Senescent Cells Implicated in Age-Related Changes in Blood Clotting
In this study, researchers validated the expression of some of the specific factors in cultured cells and in mice, which were treated with doxorubicin, a widely-used chemotherapy drug which induces widespread senescence. Those mice showed increased blood clotting, similar to what happens in humans who undergo chemotherapy. "Conversely, when we selectively removed senescent cells in specially bred transgenic mice, the increased clotting caused by doxorubicin went away." SILAC Analysis Reveals Increased Secretion of Hemostasis-Related Factors by Senescent Cells Cellular senescence irreversibly ar...
Source: Fight Aging! - September 25, 2019 Category: Research Authors: Reason Tags: Medicine, Biotech, Research Source Type: blogs

CVS Health: Cognitive behavioral therapy (CBT) apps may help you more than sleeping pills
__________ Sleep Therapy for the Masses May Be Coming to You Soon (The New York Times): “CVS Health wants to help millions of American workers improve their sleep. So for the first time, the big pharmacy benefits manager is offering a purely digital therapy as a possible employee benefit. The company is encouraging employers to cover the costs for their workers to use Sleepio, an Sleepio app featuring a cartoon therapist that delivers behavior modification lessons. CVS Health’s push could help mainstream the nascent business of digital therapeutics, which markets apps to help treat conditions like schizophrenia...
Source: SharpBrains - September 25, 2019 Category: Neuroscience Authors: SharpBrains Tags: Cognitive Neuroscience Health & Wellness Technology Big Health cognitive-behavioral-therapy CVS Health digital therapeutics digital therapy mental health Novartis sleep sleep aid medications Sleepio Source Type: blogs

Reviewing Changes in Platelet Function in Aging
Platelets are essentially structured chunks of cytoplasm shed by the megakaryocyte cells responsible for producing them, released into the blood stream. They are important in blood clotting and the innate immune response. Inappropriate blood clot formation known as thrombosis occurs more readily in later life, but it is unclear as to the degree to which age-related changes in platelets, versus other systems, are important to this process, or where platelets sit in the complex chains of cause and effect. The open access paper noted here reviews what is known of the aging of platelets and related mechanisms, a topic that is ...
Source: Fight Aging! - September 19, 2019 Category: Research Authors: Reason Tags: Daily News Source Type: blogs

5 Mental Health ‘To Dos’ Parents Need to Add to Their Back-To-School Checklist
As a parent of two, I live by a checklist during the back-to-school season. One, because I enjoy checking items off the list, and two, because I know in order to make my children feel secure in the new academic year I need to ensure they have the tools to prevail with confidence. To successfully do this, there are some key items not related to school supplies or bus routes that parents should consider including on their annual checklist.  If you are like me, every year you make sure your children get their “back to school sports physical.” This is a necessity and is probably at the top of your to-do list &...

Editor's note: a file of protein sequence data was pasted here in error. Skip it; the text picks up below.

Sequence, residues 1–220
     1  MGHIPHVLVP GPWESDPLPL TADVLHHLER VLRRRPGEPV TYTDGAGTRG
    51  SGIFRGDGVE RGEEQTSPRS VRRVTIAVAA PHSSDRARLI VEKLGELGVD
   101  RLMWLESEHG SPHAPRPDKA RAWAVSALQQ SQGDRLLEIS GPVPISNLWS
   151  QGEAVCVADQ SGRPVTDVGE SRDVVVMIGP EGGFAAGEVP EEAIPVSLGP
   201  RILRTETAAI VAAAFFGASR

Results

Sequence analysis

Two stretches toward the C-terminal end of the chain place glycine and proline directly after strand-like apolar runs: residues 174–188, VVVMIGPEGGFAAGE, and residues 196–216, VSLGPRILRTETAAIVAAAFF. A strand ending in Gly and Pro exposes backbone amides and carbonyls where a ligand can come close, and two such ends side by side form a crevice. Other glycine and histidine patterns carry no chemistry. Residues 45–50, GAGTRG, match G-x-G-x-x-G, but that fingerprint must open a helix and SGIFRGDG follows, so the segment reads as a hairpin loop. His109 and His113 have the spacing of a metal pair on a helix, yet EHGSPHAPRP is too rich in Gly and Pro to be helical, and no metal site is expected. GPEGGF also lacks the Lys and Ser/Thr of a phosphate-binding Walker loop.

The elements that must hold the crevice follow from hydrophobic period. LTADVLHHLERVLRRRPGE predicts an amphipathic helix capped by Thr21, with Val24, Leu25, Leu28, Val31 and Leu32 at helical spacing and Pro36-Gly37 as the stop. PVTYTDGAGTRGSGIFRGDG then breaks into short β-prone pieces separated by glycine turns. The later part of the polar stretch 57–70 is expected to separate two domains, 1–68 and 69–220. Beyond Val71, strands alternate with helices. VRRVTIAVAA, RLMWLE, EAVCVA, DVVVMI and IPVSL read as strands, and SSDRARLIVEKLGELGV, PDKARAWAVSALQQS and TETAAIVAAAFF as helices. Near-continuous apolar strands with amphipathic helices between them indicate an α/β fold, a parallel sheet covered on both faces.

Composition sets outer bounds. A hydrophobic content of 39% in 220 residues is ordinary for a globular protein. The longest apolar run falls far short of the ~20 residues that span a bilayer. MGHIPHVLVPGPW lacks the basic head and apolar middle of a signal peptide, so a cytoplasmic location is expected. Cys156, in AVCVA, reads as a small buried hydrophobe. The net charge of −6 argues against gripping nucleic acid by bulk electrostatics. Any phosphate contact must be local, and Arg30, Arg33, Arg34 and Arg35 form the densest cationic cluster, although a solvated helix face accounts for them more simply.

Source: World of Psychology - September 2, 2019 Category: Psychiatry & Psychology Authors: Keita Franklin, LCSW, PhD Tags: Bullying Children and Teens College Communication Parenting Students Success & Achievement Back To School Source Type: blogs

Driving for teens with ADHD: What parents need to know
For all parents, it’s a scary time when their teen starts to drive. For parents of teens with ADHD, it can be — and should be — even scarier. ADHD, or attention deficit hyperactivity disorder, is a condition that can cause problems with attention, impulsivity, and hyperactivity. These are not problems you want to have when you are driving. What does research tell us about ADHD in teens and driving? In a 2019 study published in Pediatrics, researchers looked at information about accidents, violations, and suspensions over the first four years of licensure for about 15,000 adolescent drivers. About 2,000 of...
Source: Harvard Health Blog - August 30, 2019 Category: Consumer Health News Authors: Claire McCarthy, MD Tags: Adolescent health Brain and cognitive health Parenting Source Type: blogs

Universal Childcare Could Have Terrible Social Consequences
Some Democratic presidential candidates want to introduce government-funded,universal childcare programs.The stated rationale is usually the need for targeted financial help for families with children. But this reasoning is usually buttressed by a faith that government-funded care or preschool would improve the life chances of the children using it.Such assertions are based on extrapolating research findings frommore limited programs targeted at those on low incomes, such as Head Start, the Perry Preschool Project and the Carolina Abecedarian Project. But assuming these results apply to more universal programs is fraught w...